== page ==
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Utah's governor signs medical cannabis bill into law ahead of program launch

Posted: 4:20 PM, Feb 28, 2020
Updated: 2020-02-29 00:33:56-05
Governor signs cannabis bill

SALT LAKE CITY — Utah Governor Gary Herbert signed the latest medical cannabis bill into law, clearing the state to launch its program next week.

The governor signed Senate Bill 121, which passed the Utah State Legislature on Thursday. It makes a lot of tweaks to Utah's medical cannabis laws, but primarily removes blister packaging requirements for marijuana flower, raises patient caps for doctors and allows qualifying patients to seek expungement of criminal records for past marijuana convictions.

"This bill makes needed adjustments and clarifications to Utah’s medical cannabis law. These changes will help us ensure that Utah patients have the best possible access to cannabis products as our new program rolls out on Monday, March 2," the governor said in a statement.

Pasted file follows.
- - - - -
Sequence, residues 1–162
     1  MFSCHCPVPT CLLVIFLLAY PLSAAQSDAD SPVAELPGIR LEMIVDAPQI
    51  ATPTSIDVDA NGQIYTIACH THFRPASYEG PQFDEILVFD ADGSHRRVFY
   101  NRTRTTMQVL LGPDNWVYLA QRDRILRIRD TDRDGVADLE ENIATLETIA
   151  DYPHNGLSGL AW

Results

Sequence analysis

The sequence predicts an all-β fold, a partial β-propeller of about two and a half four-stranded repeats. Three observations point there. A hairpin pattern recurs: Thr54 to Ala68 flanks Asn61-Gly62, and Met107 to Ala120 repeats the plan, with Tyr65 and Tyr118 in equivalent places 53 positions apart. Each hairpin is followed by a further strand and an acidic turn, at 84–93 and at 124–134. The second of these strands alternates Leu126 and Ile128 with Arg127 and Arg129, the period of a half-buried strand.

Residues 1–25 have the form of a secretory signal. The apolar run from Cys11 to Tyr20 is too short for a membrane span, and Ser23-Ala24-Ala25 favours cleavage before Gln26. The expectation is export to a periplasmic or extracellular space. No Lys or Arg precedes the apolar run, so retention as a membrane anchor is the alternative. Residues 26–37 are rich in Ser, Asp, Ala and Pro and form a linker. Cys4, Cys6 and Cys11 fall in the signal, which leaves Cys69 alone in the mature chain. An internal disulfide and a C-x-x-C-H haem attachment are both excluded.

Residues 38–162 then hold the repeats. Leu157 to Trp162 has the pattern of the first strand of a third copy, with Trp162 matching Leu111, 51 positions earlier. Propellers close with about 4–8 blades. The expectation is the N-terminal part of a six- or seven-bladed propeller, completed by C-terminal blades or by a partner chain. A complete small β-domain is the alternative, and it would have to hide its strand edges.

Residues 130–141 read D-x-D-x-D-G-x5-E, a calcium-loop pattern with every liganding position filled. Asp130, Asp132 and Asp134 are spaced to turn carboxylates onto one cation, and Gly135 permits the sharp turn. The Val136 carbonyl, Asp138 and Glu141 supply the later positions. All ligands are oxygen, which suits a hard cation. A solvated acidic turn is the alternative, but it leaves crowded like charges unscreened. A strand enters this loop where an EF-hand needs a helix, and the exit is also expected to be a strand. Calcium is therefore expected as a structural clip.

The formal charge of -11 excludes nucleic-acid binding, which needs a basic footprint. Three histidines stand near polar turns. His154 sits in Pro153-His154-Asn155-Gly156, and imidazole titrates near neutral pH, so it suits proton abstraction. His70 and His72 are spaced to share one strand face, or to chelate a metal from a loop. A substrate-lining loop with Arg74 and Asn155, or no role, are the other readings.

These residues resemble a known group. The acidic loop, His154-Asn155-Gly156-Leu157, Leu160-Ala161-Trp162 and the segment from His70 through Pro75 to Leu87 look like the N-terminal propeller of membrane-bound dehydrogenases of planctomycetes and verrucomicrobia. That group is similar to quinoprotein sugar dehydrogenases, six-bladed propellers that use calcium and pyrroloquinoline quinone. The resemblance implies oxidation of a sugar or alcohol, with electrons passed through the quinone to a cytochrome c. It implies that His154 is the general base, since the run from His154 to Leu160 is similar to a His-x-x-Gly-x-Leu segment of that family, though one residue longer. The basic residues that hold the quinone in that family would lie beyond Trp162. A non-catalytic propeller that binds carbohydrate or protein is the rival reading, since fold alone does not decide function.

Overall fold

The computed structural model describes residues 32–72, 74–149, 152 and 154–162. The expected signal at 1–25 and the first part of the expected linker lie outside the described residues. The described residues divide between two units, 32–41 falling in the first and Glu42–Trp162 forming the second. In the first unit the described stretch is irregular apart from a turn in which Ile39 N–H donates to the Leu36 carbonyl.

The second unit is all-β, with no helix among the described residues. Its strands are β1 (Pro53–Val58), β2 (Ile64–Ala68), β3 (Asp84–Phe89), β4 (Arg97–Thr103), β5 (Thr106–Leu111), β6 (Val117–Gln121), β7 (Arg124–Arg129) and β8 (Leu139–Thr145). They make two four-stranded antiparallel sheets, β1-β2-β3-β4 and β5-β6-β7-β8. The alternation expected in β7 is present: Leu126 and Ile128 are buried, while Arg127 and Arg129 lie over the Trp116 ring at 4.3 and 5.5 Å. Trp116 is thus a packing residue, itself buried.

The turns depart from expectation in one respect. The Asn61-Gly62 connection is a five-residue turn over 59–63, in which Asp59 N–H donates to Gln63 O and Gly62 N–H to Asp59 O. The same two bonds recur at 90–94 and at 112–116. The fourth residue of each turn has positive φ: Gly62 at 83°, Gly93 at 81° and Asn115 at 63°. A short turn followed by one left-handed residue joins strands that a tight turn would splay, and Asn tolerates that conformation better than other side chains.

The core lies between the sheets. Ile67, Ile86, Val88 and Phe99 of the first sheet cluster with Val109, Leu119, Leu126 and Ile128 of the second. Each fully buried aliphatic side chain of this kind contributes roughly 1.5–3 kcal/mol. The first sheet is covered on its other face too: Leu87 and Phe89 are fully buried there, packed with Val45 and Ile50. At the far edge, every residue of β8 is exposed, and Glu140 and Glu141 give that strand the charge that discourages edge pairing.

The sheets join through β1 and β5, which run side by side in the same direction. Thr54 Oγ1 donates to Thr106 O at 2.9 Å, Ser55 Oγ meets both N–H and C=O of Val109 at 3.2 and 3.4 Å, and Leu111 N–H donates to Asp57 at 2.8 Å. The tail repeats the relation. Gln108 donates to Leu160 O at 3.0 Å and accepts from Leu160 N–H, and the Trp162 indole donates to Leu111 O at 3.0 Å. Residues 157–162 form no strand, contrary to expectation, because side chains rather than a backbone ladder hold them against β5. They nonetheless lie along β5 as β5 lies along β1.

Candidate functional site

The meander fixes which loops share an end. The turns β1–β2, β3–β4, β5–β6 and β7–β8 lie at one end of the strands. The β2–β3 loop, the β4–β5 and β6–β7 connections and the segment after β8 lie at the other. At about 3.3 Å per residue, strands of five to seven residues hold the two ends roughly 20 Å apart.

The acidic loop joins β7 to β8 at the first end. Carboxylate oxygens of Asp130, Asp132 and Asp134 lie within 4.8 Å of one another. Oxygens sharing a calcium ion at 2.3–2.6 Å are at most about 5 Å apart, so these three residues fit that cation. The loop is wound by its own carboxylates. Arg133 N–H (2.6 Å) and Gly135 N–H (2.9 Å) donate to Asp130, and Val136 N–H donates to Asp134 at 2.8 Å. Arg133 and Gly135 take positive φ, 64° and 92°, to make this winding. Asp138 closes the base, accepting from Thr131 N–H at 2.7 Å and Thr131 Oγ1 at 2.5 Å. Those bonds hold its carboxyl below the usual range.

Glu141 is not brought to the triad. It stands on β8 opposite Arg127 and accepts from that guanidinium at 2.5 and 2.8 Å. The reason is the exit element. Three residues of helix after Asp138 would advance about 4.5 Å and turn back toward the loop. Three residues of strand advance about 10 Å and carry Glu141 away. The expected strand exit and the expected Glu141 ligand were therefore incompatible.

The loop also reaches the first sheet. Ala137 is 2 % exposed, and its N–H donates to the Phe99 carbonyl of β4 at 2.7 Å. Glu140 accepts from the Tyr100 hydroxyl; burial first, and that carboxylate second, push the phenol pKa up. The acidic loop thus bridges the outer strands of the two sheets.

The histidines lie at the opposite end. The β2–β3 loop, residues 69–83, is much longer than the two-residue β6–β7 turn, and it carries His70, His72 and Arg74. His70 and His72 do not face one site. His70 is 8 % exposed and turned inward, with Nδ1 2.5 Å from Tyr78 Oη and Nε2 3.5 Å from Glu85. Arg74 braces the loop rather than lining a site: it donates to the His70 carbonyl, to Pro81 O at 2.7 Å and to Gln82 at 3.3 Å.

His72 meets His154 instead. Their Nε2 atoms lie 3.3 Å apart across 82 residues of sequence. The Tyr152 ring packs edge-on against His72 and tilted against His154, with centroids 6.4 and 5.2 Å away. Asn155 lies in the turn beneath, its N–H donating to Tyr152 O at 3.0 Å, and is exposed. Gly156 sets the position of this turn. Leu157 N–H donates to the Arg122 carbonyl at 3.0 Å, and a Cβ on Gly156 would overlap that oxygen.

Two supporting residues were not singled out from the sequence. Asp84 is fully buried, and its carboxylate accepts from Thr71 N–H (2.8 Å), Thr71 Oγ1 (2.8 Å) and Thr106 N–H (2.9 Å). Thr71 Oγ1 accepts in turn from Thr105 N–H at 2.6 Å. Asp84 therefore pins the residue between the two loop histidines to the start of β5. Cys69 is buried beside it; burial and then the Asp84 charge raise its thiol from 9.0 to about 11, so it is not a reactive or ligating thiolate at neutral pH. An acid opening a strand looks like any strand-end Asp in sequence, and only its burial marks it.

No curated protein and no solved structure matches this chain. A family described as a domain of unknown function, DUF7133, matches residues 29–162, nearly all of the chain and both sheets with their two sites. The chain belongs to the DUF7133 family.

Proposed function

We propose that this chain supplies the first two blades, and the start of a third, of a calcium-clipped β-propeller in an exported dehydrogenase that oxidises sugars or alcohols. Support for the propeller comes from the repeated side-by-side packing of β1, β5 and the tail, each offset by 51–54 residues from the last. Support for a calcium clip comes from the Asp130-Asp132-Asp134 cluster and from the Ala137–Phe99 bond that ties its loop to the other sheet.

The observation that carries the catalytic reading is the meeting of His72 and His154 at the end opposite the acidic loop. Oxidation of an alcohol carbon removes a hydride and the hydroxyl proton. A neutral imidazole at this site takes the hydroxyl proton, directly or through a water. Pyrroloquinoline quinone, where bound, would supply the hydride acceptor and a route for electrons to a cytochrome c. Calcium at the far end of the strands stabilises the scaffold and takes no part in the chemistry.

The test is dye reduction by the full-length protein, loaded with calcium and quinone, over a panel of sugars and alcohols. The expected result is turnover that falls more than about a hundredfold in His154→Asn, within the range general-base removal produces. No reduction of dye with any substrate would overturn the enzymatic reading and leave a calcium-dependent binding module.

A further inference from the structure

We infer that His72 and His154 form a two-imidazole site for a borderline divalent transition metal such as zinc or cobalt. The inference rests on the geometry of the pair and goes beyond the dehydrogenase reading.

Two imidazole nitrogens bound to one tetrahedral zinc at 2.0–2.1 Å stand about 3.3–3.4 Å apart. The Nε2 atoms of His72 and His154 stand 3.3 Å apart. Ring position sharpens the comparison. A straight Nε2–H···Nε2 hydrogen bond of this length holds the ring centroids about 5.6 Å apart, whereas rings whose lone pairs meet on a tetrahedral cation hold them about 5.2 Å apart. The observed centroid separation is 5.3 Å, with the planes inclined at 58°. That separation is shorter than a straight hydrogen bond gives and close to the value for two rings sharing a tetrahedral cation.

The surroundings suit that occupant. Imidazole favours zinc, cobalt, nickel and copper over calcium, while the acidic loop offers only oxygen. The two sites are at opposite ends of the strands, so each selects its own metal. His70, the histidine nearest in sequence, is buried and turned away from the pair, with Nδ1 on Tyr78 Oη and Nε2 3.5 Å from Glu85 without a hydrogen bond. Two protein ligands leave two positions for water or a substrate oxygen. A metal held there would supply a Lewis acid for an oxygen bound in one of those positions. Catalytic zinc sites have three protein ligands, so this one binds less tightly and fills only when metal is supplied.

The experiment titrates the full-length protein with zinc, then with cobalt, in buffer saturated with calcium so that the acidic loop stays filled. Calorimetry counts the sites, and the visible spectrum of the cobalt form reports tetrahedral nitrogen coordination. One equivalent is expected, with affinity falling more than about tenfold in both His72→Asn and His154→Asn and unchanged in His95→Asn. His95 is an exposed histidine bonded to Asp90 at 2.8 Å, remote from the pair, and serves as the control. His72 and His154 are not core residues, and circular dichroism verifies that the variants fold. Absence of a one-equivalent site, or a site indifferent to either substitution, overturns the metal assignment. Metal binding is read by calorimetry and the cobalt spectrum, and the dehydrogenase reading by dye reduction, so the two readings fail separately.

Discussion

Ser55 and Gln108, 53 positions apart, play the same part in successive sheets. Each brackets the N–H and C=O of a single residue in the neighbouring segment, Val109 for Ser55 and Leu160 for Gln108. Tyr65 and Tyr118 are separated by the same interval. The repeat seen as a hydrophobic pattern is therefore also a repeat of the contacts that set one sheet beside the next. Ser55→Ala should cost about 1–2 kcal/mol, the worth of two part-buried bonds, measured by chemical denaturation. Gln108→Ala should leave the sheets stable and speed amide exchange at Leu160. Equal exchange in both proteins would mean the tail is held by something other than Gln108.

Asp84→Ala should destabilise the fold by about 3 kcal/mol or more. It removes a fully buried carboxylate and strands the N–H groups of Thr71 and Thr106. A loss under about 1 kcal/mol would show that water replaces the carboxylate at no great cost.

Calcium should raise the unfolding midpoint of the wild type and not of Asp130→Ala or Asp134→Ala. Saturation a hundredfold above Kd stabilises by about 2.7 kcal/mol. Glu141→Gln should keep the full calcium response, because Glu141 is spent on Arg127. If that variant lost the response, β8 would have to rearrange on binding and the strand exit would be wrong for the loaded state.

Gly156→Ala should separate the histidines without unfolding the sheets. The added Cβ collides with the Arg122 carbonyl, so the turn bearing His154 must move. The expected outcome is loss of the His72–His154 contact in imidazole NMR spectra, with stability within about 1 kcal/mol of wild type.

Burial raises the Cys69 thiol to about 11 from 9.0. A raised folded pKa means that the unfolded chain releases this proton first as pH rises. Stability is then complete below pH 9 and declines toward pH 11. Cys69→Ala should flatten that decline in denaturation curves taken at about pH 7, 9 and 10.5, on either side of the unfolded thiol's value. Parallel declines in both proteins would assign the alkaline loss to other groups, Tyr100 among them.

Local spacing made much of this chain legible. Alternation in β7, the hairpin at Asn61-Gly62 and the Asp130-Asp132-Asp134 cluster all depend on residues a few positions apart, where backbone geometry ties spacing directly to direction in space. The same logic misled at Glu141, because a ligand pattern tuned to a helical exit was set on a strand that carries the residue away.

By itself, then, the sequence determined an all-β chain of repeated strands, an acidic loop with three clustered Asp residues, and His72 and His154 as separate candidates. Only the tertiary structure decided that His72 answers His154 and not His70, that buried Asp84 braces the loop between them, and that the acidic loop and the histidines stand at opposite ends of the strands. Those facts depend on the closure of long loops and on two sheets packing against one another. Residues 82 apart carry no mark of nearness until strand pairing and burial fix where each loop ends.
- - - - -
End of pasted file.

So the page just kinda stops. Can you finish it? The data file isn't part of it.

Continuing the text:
Voters approved Proposition 2 in 2018, but the legislature overrode it with their own version of a medical cannabis program crafted as a "compromise between" supporters and opponents of the citizen ballot initiative. Since then, the legislature has had to make modifications to get the program working.

Utah's Department of Agriculture and Food was tasked with growing marijuana; the Utah Department of Health took care of the dispensaries (that lawmakers refer to as "pharmacies"). Both agencies have contracted with private companies to handle it.

State leaders have repeatedly promised to have a medical cannabis program running by March 1. On Monday, only one dispensary — Dragonfly Wellness at 711 S. State Street in Salt Lake City — will open and its product is expected to be limited. However, the state will have begun offering cannabis to qualifying patients as voters demanded.

Utah will allow patients who have an "affirmative defense letter" to travel out of state to purchase marijuana products until the end of this year. Then they must have a medical cannabis card issued by the state in order to be legal. Otherwise, it's a marijuana possession charge.